WHAT PRICE SUCCESS?
November 5, 1944
About a century and a half ago Beethoven brought into existence a long series of remarkable musical compositions. The conditions under which he worked were very difficult. The world in which he lived had quite a different outlook from ours today as to what constituted enduring values. It is interesting that these compositions are still at the top of musical excellence and what is equally remarkable is that while they were written for a very special group of people, they are appreciated today by millions of listeners who now hear them by radio.
I have always been interested in the lives, trials and tribulations of composers, authors and artists because they are parallel in many respects to those of scientists and inventors. Beethoven, as music students know, was regarded by many as an infant prodigy. Early in his life his father chose his son’s career and forced him to play before the public when only eight years old.
When the boy was sixteen, misfortune visited the Beethoven household -- his mother died. This was a very great misfortune for two years later his father could no longer earn a living. This threw the responsibility of caring for his two younger brothers on young Beethoven’s shoulders. Like hundreds of artists and scientists, before and since, his life at that time consisted principally of misfortune and poverty. But he managed, with great difficulty, to continue his work, and in 1792, at the age of 22, left Bonn to study in Vienna under the great Haydn.
In the years that followed, Beethoven began to compose, and in 1795 published his first music -- the Trios. Later, his first symphony was performed in Leipzig, Paris and Vienna. The critics’ reaction was typical -- some labeled it as “confused explosions of the outrageous effrontery of a young man” -- others called it a collection of “barbaric dissonances.” The critics usually work from established continuity. It was therefore natural that when Beethoven’s musical personality began to develop along a new line, the critics at once questioned its value. In the world of invention, our critics have the same point of view -- but it is obvious that if an invention is any good it must depart from the conventional, and one of the most serious times for an inventor is while he is breaking through criticism.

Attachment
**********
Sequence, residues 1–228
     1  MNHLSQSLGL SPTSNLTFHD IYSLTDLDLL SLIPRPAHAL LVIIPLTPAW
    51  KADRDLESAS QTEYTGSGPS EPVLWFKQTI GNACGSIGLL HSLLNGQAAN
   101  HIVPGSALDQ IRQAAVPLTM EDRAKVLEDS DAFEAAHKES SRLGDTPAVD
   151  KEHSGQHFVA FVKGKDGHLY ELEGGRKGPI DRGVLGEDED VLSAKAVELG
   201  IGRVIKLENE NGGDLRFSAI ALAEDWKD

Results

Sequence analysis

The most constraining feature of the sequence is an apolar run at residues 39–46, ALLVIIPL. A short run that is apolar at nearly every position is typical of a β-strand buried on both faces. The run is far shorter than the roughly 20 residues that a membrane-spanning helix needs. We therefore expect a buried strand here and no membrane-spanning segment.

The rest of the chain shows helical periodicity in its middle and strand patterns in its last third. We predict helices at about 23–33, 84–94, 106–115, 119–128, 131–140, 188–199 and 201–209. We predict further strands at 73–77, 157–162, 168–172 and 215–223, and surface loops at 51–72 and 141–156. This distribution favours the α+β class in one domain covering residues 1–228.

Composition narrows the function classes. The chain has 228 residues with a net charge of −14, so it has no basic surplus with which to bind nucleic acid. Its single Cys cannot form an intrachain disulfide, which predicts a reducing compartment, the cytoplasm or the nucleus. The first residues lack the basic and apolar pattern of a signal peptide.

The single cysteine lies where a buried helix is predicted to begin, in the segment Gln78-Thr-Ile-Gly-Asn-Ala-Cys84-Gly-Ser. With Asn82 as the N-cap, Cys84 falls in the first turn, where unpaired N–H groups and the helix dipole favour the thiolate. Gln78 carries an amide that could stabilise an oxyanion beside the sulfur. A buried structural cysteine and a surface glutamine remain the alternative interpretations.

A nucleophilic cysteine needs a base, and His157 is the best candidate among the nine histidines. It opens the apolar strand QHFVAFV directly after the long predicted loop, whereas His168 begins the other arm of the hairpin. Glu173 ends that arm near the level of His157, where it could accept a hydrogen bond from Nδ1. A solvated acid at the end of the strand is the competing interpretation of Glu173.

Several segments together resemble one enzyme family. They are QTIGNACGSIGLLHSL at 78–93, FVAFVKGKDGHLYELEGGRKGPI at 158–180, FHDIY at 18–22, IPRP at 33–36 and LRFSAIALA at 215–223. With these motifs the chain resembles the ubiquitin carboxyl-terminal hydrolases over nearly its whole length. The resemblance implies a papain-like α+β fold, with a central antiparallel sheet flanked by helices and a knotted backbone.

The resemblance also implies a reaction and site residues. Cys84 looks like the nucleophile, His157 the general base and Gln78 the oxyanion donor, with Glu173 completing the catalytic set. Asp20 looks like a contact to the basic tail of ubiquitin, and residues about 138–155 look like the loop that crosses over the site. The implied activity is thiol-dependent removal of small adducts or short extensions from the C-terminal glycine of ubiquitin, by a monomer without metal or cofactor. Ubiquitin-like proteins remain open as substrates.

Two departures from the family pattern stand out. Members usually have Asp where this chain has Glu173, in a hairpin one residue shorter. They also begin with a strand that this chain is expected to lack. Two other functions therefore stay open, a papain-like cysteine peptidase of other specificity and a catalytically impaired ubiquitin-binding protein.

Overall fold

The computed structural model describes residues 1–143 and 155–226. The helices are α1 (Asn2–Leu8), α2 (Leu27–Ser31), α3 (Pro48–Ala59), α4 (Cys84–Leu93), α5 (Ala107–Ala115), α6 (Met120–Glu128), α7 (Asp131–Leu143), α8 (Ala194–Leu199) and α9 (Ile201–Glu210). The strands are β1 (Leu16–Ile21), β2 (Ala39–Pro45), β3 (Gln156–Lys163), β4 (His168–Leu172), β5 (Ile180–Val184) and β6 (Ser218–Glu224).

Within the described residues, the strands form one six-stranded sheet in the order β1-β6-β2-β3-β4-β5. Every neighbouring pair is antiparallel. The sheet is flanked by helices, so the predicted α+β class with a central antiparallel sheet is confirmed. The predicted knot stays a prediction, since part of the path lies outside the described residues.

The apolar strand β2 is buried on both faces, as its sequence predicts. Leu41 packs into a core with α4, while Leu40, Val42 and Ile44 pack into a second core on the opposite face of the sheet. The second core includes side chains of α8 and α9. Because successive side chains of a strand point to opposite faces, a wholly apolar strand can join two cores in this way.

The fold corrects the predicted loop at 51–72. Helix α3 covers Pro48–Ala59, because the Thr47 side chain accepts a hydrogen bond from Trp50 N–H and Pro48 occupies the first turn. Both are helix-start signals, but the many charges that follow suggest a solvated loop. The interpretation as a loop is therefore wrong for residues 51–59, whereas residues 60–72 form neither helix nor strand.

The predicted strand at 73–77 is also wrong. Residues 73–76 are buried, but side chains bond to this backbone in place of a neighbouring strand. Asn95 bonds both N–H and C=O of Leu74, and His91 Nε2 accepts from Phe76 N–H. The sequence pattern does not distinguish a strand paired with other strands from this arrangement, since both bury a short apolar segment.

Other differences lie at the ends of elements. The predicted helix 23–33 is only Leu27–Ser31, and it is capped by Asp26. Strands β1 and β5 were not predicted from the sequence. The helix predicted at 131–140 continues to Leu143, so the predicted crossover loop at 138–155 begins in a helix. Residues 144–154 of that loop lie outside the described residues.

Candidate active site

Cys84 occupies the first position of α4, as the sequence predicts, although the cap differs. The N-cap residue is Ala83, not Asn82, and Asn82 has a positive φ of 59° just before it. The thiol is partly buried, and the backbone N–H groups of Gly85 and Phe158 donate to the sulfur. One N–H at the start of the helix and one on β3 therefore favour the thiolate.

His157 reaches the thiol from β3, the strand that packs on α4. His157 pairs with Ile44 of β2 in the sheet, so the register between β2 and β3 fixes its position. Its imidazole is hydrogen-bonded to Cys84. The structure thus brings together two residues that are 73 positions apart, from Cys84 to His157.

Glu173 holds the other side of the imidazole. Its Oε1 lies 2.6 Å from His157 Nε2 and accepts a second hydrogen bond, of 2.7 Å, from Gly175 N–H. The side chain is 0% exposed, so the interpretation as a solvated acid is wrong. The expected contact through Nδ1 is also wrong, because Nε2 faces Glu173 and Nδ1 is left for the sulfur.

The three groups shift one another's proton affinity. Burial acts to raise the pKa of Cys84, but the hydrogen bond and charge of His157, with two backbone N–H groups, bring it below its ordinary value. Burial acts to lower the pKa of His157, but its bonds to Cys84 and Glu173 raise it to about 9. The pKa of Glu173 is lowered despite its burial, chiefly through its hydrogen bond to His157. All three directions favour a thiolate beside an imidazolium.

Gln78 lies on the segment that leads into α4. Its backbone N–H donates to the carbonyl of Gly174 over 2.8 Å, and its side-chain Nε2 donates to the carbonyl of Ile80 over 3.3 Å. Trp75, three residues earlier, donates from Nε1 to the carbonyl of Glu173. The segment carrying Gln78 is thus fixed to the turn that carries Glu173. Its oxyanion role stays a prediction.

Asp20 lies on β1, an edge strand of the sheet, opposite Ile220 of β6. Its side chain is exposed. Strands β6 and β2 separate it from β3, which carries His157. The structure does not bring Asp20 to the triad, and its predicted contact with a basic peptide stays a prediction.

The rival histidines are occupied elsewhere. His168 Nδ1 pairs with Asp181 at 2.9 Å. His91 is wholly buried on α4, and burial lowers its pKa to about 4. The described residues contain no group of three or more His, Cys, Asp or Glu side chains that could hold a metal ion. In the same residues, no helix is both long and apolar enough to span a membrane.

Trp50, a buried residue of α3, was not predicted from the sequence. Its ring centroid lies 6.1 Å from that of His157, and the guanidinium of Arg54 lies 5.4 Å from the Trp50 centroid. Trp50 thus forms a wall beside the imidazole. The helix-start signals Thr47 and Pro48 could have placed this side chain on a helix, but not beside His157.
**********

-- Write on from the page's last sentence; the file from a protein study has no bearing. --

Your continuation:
Like many great artists and scientists, Beethoven lived in a very turbulent time in the history of the world -- the day of Napoleon in Europe and the Revolution in America. War, then as now, affected the thinking of the nations involved. The American Revolution changed life in the colonies, and produced such men as Whitney, Revere and Oliver Evans; Napoleon’s Wars had their effect on Beethoven and other creative people throughout Europe -- in fact, the “Eroica” was originally planned by Beethoven to honor Napoleon.
But it was during this period that he first realized that his hearing was very seriously affected -- a realization that to most men, and particularly to a musician, would have meant the end of a lifetime plan. Just as a scientist becomes discouraged when he fails in his most important experiment, Beethoven felt his work had failed. But like a truly great man, he took a fresh grip on himself and completed the “Eroica.” So rather than a monument to Napoleon’s greatness, many people regard this important symphony as a symbol of Beethoven’s own spiritual resurrection and rebirth of his determination.
It is so often said of the works of many great men that they occurred as an inspiration or flash of genius. This does not seem to apply to the works of Beethoven -- here is what a commentator says about his work: “Beethoven’s compositions did not spontaneously and suddenly ‘occur’ to him -- his sketch books show he struggled hard and long before he had shaped and developed them from their first form, which indeed shows little sign of genius.” Or, as one man puts it, “Success is nine-tenths determination and one-tenth inspiration.”
From these interesting highlights, I have tried to show that, to do anything new or original, whether it is composing a symphony, painting a masterpiece, uncovering a scientific fact or making an invention -- we must be prepared to pay a price. That price is made up of long hours of hard work, disappointments, criticism and often physical as well as mental discomforts.
The reward is seldom material or financial. It sometimes may be public acclaim or acceptance or it may be just the feeling on the part of the composer or inventor that he had made a fundamental contribution to the progress of the world. The work, however, regardless of its method or origin, remains as a lasting heritage to the generations that follow.